When designing running workouts, a coach can manipulate three elements of the training plan to elicit certain physiological adaptations. These three elements are: (1) the time or distance of the interval; (2) the speed or pace at which you need to run the workout; and (3) the amount of rest you can take between efforts. While many people are familiar with the ability of a coach to change the distance and pace of an interval – and how this can affect fitness – the rest portion of a workout is often an afterthought or the forgotten element in the training equation, especially for those writing their own schedules.
Actually, manipulating the rest of a track workout is something I find to be particularly effective and one of the best ways to gain fitness. As I’ve mentioned in previous posts regarding the importance of aerobic development, improving your aerobic threshold is one of the most effective ways to gain fitness and race faster. By varying the rest during interval workouts in a unique and innovate way, you can get the benefits from both a tempo run and a speed workout.
Typically, tempo runs or threshold runs are assigned at somewhere between your 10 mile and half marathon race pace. These paces will typically take you right to the edge of your lactate threshold, but prevent you from going over the edge and flooding your system with lactic acid. But, what if you want to work on running faster (mechanics, speed, form, and efficiency) but not deviate from the long-term goal of progressing aerobic fitness? Simple, you implement faster paced intervals at 8k to 10k paces with a short amount of rest.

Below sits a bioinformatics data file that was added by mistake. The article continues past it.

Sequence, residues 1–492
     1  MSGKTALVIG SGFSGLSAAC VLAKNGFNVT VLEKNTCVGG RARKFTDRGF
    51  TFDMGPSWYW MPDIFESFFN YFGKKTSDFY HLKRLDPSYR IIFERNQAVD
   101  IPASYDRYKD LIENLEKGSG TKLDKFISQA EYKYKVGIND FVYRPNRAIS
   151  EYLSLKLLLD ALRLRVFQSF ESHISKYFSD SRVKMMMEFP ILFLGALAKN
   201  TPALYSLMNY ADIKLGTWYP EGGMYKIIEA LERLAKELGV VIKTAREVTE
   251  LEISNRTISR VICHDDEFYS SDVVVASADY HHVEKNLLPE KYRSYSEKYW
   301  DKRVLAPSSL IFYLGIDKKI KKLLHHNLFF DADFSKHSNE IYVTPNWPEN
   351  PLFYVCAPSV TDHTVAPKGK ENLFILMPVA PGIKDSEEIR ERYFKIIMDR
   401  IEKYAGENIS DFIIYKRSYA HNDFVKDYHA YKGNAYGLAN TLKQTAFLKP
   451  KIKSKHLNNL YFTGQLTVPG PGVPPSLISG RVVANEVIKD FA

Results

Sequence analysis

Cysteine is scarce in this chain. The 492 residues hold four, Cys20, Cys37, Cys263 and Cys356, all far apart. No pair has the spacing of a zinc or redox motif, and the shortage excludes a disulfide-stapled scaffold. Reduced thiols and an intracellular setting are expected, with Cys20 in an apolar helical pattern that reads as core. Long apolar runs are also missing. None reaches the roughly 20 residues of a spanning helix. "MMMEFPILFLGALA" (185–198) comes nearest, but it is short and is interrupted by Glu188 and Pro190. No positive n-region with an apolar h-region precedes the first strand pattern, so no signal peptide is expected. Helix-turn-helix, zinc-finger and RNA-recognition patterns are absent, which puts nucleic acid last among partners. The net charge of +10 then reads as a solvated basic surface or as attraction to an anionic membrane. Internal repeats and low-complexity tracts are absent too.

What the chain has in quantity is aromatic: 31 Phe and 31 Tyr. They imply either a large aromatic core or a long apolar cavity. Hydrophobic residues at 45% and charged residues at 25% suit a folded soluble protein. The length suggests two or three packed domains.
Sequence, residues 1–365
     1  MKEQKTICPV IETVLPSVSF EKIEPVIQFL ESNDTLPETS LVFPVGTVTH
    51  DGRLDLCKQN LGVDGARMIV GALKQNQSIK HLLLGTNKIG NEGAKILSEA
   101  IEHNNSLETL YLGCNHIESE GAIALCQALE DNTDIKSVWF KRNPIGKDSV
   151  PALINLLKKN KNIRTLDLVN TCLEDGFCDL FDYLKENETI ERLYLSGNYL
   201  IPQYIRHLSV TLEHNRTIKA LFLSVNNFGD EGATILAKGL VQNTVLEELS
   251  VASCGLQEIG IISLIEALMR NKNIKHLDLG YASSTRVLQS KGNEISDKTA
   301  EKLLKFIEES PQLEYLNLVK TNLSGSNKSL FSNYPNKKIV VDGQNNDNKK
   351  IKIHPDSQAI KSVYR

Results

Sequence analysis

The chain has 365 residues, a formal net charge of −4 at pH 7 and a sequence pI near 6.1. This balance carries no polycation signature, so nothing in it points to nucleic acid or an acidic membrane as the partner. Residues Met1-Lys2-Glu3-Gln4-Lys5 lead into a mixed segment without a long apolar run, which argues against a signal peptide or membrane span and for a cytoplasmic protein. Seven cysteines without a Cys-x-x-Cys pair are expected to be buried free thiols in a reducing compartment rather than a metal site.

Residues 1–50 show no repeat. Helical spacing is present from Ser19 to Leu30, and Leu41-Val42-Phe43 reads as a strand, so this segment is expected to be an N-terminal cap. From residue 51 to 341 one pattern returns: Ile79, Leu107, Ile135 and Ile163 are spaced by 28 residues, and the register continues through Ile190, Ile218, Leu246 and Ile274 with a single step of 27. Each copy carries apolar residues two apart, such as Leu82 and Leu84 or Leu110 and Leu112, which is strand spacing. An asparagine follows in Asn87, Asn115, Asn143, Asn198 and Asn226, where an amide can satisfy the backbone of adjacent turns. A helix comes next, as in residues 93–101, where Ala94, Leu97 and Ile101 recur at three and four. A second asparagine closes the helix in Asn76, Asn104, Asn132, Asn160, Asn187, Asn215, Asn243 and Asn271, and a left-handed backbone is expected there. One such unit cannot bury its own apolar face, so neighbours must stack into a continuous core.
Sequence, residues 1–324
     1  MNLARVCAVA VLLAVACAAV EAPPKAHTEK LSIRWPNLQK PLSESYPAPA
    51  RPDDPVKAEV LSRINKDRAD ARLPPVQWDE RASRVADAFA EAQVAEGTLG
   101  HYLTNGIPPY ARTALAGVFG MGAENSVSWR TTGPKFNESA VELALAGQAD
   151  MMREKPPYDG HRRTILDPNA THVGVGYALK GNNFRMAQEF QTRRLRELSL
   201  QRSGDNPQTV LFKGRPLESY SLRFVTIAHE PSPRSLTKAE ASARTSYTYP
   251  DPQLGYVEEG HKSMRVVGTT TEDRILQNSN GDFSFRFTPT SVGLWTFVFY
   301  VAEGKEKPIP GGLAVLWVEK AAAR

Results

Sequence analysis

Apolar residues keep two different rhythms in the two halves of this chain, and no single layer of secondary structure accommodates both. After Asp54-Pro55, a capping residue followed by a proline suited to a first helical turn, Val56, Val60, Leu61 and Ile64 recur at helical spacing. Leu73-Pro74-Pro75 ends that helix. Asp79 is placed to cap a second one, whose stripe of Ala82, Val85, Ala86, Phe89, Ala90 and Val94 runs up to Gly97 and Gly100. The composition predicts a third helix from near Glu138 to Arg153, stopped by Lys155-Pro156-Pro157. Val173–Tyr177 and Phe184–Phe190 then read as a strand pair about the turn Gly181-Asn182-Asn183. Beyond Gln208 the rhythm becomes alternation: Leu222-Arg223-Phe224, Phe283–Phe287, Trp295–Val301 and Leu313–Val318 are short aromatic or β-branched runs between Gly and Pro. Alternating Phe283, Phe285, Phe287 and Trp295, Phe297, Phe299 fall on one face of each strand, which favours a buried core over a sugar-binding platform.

These intervals allow you to run much faster than a tempo run (usually 6-7 percent faster), but because of the short rest, you can maintain a threshold effort. During these threshold intervals, you’ll often barely catch your breath before starting the next interval, but that means the workout will also go by quickly.
The added bonus of performing these intervals are the pacing practice and strategies you can develop. If you start out too fast during the first interval or two, the short rest will come back to bite you during the middle and latter part of the workout. You may feel good going faster for the first three or four intervals, but the big hairy gorilla will jump on your back during the second half and make the rest of the workout a struggle and a test of wills.
Not for the faint of heart
When performing threshold intervals, it is important to pay attention to the paces and the rest. If you begin to feel tired during the workout and your paces start to slow, make sure you continue to maintain the timing of the rest. You can slow down if you need to, but keep the rest the same.